The mahouts (elephant drivers/trainers) made the hour-plus journey even more exciting. Some of them were challenging each other in mini races around and through ponds, over and around narrow paths and hills. It made for some rather tense moments followed by nervous laughter as one elephant would head the other off at the path then lumber down a hill and into a small pond. Some inclines we exceptionally steep and there were even tiny little foot bridges that if the elephant were clumsy in the least we'd have surely been crushed to death in mere seconds. While I never really felt I was in any sort of danger per se I did think several times that with one false move there could be a catastrophe though it seemed unlikely.

Some people had better mahouts than others. Either our mahout was a complete ass or our elephant had an attitude. I'm inclined to believe the former. Along the way there were high outposts that were at our eye level selling snacks for the elephants, "Bah-naNAS! You buy! Tweeenty BAAAAHTS!" Daniel had our driver pull up so he cold buy some. Apparently our elephant got a little overexcited and there was a confrontation with our mahout who ended up yelling and throwing Daniel's bananas in the bush. We were appalled and I was worried that our elephant would charge off down the hill and snatch them up. We continued on without incident but I pretty much detested our mahout from then on. I would like to take this opportunity to say that I wish him the very worst in life because he was mean to a sweet and loving pet.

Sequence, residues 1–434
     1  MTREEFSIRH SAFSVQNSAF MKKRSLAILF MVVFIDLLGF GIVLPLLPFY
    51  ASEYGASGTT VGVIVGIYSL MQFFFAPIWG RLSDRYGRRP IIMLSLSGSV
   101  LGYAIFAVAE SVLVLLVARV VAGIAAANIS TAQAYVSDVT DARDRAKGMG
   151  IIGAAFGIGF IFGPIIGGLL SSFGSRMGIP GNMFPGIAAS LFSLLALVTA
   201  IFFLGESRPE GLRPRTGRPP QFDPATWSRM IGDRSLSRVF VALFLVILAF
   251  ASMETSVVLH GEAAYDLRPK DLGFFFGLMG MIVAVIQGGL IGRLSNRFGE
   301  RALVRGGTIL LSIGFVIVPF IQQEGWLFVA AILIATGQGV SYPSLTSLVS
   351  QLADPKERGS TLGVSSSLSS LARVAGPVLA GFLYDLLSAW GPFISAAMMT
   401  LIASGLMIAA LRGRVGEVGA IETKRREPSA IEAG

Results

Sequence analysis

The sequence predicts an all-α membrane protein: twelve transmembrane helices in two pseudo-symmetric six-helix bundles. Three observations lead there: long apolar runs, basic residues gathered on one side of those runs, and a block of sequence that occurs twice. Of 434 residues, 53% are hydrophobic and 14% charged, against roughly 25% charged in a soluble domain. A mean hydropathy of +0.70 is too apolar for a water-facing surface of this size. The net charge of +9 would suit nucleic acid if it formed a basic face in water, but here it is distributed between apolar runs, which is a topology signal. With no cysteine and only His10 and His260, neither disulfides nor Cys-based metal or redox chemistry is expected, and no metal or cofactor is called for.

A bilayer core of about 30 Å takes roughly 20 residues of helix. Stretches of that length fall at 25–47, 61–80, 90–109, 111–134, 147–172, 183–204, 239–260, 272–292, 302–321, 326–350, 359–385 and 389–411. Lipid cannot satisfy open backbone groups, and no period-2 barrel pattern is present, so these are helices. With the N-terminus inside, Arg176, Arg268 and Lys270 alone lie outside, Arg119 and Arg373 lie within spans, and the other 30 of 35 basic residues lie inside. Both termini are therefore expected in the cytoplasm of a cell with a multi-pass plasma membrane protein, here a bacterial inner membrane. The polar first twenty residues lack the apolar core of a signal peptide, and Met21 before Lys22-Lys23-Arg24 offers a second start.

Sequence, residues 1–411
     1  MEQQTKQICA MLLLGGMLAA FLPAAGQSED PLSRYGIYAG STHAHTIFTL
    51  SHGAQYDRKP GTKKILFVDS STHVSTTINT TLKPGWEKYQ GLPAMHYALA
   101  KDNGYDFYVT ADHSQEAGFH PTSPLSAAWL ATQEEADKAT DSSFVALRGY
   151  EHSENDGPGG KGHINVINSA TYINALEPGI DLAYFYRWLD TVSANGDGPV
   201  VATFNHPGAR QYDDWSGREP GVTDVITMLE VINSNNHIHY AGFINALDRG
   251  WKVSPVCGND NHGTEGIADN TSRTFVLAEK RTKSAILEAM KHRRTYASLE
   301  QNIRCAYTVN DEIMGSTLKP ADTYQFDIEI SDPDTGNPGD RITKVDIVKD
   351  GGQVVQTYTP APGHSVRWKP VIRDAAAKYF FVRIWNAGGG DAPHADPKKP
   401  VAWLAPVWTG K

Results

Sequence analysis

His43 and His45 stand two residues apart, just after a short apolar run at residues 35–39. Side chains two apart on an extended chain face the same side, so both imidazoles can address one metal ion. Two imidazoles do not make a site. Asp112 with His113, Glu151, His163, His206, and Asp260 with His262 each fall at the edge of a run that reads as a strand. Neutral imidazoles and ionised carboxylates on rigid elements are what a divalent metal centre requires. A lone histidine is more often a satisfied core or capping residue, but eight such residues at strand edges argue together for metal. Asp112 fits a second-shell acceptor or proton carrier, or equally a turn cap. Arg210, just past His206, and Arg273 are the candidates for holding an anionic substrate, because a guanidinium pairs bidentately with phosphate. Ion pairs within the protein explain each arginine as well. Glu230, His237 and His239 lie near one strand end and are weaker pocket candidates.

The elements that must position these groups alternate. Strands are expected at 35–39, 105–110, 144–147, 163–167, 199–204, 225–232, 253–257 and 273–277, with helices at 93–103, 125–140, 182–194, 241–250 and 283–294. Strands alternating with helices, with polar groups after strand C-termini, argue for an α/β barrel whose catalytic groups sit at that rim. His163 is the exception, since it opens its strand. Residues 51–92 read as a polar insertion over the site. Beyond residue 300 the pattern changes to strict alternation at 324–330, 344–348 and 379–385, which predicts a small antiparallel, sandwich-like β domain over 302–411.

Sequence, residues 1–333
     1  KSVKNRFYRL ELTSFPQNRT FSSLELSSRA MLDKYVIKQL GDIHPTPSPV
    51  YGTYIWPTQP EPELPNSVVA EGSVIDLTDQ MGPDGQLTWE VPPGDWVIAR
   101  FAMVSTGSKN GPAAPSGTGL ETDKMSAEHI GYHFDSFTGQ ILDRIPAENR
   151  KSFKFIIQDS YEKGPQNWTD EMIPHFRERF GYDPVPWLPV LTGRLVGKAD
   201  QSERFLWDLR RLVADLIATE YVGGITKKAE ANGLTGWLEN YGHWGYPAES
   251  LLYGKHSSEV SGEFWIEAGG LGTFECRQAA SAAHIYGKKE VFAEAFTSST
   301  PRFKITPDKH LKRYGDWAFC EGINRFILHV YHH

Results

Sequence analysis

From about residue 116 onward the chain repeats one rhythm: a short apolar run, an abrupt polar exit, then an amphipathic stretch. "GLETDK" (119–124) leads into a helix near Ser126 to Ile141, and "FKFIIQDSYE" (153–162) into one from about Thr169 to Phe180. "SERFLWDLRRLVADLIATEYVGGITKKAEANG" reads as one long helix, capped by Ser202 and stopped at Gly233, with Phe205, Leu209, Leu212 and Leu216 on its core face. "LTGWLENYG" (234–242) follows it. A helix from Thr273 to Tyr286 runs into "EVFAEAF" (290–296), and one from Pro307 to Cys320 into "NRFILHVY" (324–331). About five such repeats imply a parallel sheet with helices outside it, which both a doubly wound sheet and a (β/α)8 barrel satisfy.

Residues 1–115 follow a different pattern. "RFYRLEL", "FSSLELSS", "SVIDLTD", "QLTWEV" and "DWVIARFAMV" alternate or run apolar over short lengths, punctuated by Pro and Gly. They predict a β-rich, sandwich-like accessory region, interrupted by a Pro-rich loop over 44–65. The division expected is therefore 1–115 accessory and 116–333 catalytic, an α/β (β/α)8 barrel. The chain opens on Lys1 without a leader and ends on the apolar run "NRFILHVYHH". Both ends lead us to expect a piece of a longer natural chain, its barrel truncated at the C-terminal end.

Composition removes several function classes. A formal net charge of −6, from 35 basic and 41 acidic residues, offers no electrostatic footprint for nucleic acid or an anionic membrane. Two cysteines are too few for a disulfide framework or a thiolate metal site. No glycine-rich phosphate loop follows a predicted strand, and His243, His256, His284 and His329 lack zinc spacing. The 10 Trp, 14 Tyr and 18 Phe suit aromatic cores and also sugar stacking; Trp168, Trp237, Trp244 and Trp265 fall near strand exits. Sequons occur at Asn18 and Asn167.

The British couple had the best mahout who was a real character. When they were coming down a steep hill he was yelling, "Oh NO! Oh NO!NO!" We weren't on his elephant so it was hilarious. At one point he saw some hill tribes walking through the woods and he hollered, "You have baht? You have baht for me?!" Other mahouts joked with us and while our elephants relaxed under some trees and cooled off for a moment we noticed one of them suddenly got an erection. This thing was tremendous and it was spotted black and white and you'd have to be a prude not to notice and comment on such a thing. It would have been like ignoring the proverbial elephant in the room -- but with an erection it'd be even harder not to notice.

By the time we began to head back I was sad it was ending as I was practically starting to relax in between being thrown around a bit. After we climbed off we all headed for the air conditioned van smiling and saying how much we all enjoyed it. It was exactly what I'd wanted.

We stopped at a lovely resort for what looked like a beautiful buffet that was included in the price of the tour. Our guide told us to "eat as much as you want and as much as possible." We would have but most of it was inedible. The worst part about the entire thing is that it was election day and on election day in Thailand it is illegal to serve alcohol. I'd forgotten and ordered a Campari and soda and was immediately reminded that it was verboten. Once the Dutchman was told that the people chasing us were not Chinese but Thai children he had yet another bitter pill to swallow that he clearly couldn't fully comprehend: No alcohol today. The English girls tried their best to make sense of it for him but to no avail. It must have been a seriously confusing day for our poor Dutch friend.

On the way back our guide told us that we'd be stopping at an orchid farm and butterfly conservatory. I wanted to see a hill tribe instead but that wasn't going to happen. The Brits had been actually told they'd see the long necked Karen tribe by their agent and were seriously disillusioned. I'd have been upset, too if my travel agent had told me that but she didn't. At least we were chased by vicious tiny Chinese people in an oxcart around someone's driveway for 30 minutes of sheer hell.